Brazil Public participation initiative on revenue and spending

Branch of Government:
Executive

Open Budget Survey / Public Participation in the Budget Process Score (Out of 100): 2015: 71 – 2017: 35 – 2019: 17

Stage in Fiscal Policy Cycle

Formulation

Summary

The public policy councils in Brazil provide a comprehensive form of institutionalized civil society participation in designing, implementing, and monitoring public policies. The councils are permanent collegiate institutions, formally created by the Public Administration, to provide an avenue of dialogue between civil society and government to promote public participation in public policy management and decision-making.

They are composed of both governmental and non-governmental representatives, related to a specific area and they are designed to link citizens and policy experts to specific line ministries (although as one observer notes, it is considered somewhat controversial if they indeed perform this function).[ref] While Council responsibilities are not homogenous and vary between the different policy areas, Councils generally have the responsibility of suggesting new policies (budget formulation) as well as monitoring government implementation.

Alongside participatory budgeting at the sub-national level, which was pioneered in Brazil, public policy councils have been instrumental in creating momentum in the country for public participation.[ref] The councils’ importance lies partly in their scale: they are established for a variety of public policy areas, such as the environment, health, or education, and they are organized at all levels of government, local to federal.[ref] The councils are instrumental in fostering social participation and monitoring, making government more accountable, and deepening democracy.[ref] They also aim to provide more universal access to social services.[ref]

The public policy councils in Brazil engage a number of public participation principles in practice, most prominently the principles of respect for self-expression, and sustainability. These two principles are well illustrated by the practice, while others, such as timeliness, complementarity or reciprocity, are not fully realized as of yet.

Basic Facts

The practice takes place during the budget formulation stage and is led by the executive branch at all three levels of government. While there are records of some cases of councils in the legislative and judiciary branch, those are uncommon.[ref]

Why

Brazil’s Public Policy Councils are public spaces of plural composition and for the most part, although not uniformly, parity between state and civil society, established at all three levels of government: local, state and federal. They are – for the most part, but again, not uniformly – established by law by the executive and are ruled by an internal statute.[ref] They can have several functions: deliberative, legislative, advisory and/or supervisory.[ref]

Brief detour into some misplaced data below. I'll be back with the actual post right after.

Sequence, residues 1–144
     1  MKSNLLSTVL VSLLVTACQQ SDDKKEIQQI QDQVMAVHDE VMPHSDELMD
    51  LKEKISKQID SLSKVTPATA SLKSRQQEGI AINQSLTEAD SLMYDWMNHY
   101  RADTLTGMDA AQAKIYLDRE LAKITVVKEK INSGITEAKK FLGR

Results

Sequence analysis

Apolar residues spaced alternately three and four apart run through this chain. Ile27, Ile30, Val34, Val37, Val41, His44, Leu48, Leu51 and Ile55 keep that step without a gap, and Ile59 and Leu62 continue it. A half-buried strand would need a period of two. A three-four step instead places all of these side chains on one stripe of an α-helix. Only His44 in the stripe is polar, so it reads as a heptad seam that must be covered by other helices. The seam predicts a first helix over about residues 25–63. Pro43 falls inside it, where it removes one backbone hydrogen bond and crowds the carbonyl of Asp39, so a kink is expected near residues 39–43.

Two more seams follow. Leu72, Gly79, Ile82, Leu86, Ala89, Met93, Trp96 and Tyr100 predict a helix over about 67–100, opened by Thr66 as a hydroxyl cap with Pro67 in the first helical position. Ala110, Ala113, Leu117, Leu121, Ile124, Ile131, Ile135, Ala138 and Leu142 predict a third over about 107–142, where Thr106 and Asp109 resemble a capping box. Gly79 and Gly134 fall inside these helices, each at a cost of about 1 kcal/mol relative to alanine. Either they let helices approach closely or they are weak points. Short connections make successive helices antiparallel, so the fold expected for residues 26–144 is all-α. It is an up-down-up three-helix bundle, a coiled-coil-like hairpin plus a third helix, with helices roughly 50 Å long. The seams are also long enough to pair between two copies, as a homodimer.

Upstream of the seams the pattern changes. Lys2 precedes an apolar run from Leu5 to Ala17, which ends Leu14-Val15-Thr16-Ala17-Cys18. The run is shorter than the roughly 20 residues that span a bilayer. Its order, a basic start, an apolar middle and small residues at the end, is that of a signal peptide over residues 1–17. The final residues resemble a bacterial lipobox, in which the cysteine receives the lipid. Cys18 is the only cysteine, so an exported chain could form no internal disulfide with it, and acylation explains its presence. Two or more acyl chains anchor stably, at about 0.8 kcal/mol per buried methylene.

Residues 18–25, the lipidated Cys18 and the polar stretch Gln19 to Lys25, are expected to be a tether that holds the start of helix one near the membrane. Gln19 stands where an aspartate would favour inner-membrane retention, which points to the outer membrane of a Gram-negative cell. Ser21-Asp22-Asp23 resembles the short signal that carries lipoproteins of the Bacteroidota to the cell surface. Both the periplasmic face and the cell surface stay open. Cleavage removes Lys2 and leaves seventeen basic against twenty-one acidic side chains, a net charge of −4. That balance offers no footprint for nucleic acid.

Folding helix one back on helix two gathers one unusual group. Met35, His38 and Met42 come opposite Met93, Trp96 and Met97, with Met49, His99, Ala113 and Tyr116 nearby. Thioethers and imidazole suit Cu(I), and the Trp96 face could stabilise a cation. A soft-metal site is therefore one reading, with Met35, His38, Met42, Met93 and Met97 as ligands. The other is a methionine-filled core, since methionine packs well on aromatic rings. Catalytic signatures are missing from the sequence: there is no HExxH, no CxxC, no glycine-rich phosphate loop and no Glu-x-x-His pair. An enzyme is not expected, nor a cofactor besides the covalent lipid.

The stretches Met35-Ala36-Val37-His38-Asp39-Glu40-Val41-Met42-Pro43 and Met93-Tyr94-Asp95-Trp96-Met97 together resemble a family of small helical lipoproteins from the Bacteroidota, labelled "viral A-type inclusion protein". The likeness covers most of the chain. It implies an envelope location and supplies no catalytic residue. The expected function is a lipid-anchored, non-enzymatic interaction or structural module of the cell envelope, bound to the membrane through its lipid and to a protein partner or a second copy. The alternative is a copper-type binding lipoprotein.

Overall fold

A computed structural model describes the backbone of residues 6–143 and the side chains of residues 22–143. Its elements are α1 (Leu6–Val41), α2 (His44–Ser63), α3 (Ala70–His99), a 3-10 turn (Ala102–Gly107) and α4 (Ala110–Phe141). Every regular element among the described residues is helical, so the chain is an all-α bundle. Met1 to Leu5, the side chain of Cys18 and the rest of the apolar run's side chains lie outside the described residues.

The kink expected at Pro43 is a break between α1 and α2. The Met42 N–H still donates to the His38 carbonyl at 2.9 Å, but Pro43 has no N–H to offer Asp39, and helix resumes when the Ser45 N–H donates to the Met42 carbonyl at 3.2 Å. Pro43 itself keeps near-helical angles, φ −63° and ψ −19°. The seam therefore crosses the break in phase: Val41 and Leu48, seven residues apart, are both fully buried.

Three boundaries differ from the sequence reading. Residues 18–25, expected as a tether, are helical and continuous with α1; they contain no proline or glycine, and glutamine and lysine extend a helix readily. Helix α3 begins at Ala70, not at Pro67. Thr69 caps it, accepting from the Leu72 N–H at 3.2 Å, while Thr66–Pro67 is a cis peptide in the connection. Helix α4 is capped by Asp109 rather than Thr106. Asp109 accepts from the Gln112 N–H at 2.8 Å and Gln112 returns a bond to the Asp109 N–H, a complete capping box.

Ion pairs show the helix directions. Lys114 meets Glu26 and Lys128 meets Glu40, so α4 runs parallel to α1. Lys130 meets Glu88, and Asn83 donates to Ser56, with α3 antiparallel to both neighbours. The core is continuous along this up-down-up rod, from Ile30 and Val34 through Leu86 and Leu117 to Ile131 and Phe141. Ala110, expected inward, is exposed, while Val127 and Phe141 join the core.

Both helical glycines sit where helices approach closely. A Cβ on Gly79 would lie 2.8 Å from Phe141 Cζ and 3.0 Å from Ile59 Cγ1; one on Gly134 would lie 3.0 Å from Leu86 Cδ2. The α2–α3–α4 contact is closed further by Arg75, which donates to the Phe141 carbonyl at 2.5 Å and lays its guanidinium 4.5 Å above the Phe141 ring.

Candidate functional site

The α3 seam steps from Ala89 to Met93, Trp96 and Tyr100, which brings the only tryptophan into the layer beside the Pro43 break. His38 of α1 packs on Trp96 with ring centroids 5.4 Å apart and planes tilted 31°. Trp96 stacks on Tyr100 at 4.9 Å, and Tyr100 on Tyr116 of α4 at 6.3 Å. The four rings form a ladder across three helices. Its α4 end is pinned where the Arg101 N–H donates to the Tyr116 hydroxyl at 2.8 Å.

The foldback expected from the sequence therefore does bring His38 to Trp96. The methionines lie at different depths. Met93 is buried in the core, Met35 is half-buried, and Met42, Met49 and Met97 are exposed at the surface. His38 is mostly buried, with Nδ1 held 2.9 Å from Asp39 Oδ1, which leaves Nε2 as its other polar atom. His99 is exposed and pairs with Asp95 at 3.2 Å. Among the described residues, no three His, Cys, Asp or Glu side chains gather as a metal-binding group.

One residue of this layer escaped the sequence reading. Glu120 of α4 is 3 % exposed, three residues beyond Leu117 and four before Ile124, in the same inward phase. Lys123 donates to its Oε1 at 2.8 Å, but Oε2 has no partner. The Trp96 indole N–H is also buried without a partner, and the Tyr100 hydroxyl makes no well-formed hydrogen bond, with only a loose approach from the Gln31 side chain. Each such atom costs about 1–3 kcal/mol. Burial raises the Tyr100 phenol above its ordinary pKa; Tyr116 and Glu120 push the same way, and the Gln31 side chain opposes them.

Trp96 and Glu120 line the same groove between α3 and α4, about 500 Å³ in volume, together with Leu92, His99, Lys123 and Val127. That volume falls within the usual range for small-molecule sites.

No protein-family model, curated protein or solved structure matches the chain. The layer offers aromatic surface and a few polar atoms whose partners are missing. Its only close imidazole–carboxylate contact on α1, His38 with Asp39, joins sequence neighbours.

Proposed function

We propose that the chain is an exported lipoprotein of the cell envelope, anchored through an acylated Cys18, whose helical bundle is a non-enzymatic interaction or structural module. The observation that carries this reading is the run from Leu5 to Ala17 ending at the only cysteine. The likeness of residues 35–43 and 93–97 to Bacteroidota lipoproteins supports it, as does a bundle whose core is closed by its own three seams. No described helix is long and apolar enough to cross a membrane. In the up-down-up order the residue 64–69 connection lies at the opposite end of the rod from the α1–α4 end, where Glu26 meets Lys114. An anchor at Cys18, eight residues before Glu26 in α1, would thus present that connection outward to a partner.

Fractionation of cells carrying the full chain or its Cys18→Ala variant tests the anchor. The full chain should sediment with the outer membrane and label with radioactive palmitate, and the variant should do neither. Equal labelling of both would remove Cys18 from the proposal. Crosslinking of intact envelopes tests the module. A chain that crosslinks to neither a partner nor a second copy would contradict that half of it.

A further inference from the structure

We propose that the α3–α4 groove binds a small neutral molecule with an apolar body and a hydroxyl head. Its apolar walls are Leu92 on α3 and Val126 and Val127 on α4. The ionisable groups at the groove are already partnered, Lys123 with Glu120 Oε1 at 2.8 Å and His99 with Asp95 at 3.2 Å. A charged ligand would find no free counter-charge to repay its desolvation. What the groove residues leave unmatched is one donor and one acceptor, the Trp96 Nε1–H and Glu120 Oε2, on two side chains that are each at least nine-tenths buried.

Councils have an important, albeit somewhat generic oversight function: they monitor the proper allocation of resources and public service delivery, thereby furthering government accountability broadly.[ref] That being said, as one observer notes, only a small number of councils show deeper oversight prerogatives.[ref] Some councils also approve new programs and the annual budgets of corresponding agencies.[ref] Many of the councils are thus involved at various points in the policy process: formulation as well as review/audit.[ref]

Authorizing Environment

The Decree n. 8243, of 23 May 2014, represents an initiative trying to put together all the current form of public participation in federal government. Although this act remains in vogue, it has been highly criticized by some lawmakers and media sectors, and a parliamentary proposal to revoke its effects is currently under scrutiny in Senate.

Who and How

In some councils, the members have the task of approving the proposed budget within their policy area. As such, these councils can alter or reject the budget as proposed by the executive branch at their level (mayors, governors, president). Veto is unlikely, however, given that typically 50% of council members are executive appointees and decisions are made by simple majority. Additional reasons for the lack of veto are the fact that actors share a common interest in the policy, which would be compromised by a veto, and there is generally a lack of time and knowledge to perform a deep analysis of the proposals.[ref] The government’s agenda-setting powers also limit the use of veto.[ref] Council members in some cases also approve the previous year’s fiscal report. Without this, the local government may not be eligible for federal funds transfers (in the cases where council actions are conditions for transfers to take place).